Richard Best Publishes Human Readable Version of the GPLv2 License

WordPress is licensed under the GPLv2 and the four freedoms it allows is considered to be its Bill of Rights. The four freedoms are:

  1. The freedom to run the program, for any purpose.
  2. The freedom to study how the program works, and change it so it does your computing as you wish.
  3. The freedom to redistribute copies so you can help your neighbor.
  4. The freedom to distribute copies of your modified versions, giving the community a chance to benefit from your changes.

There is a lot more to the GPL than the four freedoms listed above however, the license details can be difficult to read and decipher. Richard Best, a qualified lawyer in New Zealand, England, and Wales, has published a human readable summary of the GPL license.

Inspired by how Creative Commons offers a human readable version of its licenses, the summary explains the core concepts of the GPL and outlines the position in relation to copying, distribution, fees, modifications/derivative works, distributing non-source forms, termination, and downstream licensing.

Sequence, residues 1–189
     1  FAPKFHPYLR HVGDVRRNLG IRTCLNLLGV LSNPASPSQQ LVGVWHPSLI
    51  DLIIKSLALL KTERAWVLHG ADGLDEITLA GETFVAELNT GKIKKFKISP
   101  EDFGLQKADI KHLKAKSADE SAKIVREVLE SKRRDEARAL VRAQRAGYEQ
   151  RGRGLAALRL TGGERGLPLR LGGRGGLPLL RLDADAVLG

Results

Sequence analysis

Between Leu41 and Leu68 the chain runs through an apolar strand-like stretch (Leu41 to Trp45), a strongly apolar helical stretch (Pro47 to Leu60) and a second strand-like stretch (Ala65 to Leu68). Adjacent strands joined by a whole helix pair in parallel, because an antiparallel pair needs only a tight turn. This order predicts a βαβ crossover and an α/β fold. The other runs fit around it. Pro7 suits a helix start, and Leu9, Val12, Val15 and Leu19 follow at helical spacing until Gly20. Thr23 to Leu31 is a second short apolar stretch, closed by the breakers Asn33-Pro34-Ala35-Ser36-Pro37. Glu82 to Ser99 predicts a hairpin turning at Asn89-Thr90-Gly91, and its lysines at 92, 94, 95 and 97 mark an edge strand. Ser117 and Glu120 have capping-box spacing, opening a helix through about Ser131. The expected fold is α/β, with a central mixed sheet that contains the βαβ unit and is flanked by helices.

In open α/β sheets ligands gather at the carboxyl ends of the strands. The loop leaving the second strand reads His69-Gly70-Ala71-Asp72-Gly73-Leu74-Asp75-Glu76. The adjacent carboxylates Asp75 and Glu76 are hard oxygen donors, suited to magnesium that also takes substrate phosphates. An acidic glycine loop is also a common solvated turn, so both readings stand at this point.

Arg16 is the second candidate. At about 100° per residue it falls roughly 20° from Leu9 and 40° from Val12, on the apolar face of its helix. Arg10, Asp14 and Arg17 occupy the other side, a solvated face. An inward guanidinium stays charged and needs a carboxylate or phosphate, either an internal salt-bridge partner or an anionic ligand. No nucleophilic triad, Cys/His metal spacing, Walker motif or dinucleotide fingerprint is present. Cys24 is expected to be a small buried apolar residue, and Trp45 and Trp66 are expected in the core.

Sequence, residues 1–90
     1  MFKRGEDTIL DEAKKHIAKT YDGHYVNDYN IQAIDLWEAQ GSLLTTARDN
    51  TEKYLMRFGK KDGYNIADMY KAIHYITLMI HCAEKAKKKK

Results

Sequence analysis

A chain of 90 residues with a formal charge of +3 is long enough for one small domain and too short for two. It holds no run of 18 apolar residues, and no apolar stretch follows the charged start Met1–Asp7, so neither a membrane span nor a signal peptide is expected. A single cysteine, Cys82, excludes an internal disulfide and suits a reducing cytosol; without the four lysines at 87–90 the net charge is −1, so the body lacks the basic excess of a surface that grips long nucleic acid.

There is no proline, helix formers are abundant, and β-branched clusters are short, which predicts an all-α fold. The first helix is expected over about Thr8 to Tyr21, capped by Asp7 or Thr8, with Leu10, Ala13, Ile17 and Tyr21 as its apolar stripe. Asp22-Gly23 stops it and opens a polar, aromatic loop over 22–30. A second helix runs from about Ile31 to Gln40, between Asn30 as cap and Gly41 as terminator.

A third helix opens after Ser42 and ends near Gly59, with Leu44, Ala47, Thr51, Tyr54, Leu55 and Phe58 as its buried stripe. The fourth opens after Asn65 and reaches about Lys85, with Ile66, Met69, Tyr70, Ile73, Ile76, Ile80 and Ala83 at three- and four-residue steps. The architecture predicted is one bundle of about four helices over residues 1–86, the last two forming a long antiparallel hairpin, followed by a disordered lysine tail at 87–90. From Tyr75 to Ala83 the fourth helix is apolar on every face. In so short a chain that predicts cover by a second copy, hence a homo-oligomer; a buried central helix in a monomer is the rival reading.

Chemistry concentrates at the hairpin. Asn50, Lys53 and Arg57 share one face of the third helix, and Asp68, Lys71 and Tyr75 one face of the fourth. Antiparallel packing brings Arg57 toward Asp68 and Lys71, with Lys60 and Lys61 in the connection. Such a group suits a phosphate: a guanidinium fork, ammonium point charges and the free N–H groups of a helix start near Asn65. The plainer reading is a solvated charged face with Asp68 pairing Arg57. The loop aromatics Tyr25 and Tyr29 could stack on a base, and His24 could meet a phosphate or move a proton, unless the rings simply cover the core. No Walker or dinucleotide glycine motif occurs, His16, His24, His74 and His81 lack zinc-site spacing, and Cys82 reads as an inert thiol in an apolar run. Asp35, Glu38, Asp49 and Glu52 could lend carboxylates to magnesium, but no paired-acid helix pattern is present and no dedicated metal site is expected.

It’s important to note that the document is not endorsed by the Free Software Foundation nor a substitute for the full license text.

Sample of the human readable summary of the GPL
Sample of the human readable summary of the GPL

I encourage everyone participating in the WordPress ecosystem to read the full license text at least once. However, the summary does a good job explaining the core components of the GPL without having to dig into the license.

If you have questions concerning the GPL, I suggest seeking legal council with a lawyer familiar with software licensing.


  1. Nice job, Richard! Any plans for a GPLv3 version too? Or even better, a human readable diff of v2 and v3! :-)


  2. It would seem that if this summary is accurate then the WordPress foundation would be in violation of its own license. Each new release is necessarily a derivative of the original, and subject to the terms of the original license. As such, it would seem that every file would need to include a notice that it is modified from the original and the days of all those changes, which is to say it should include its own commit history


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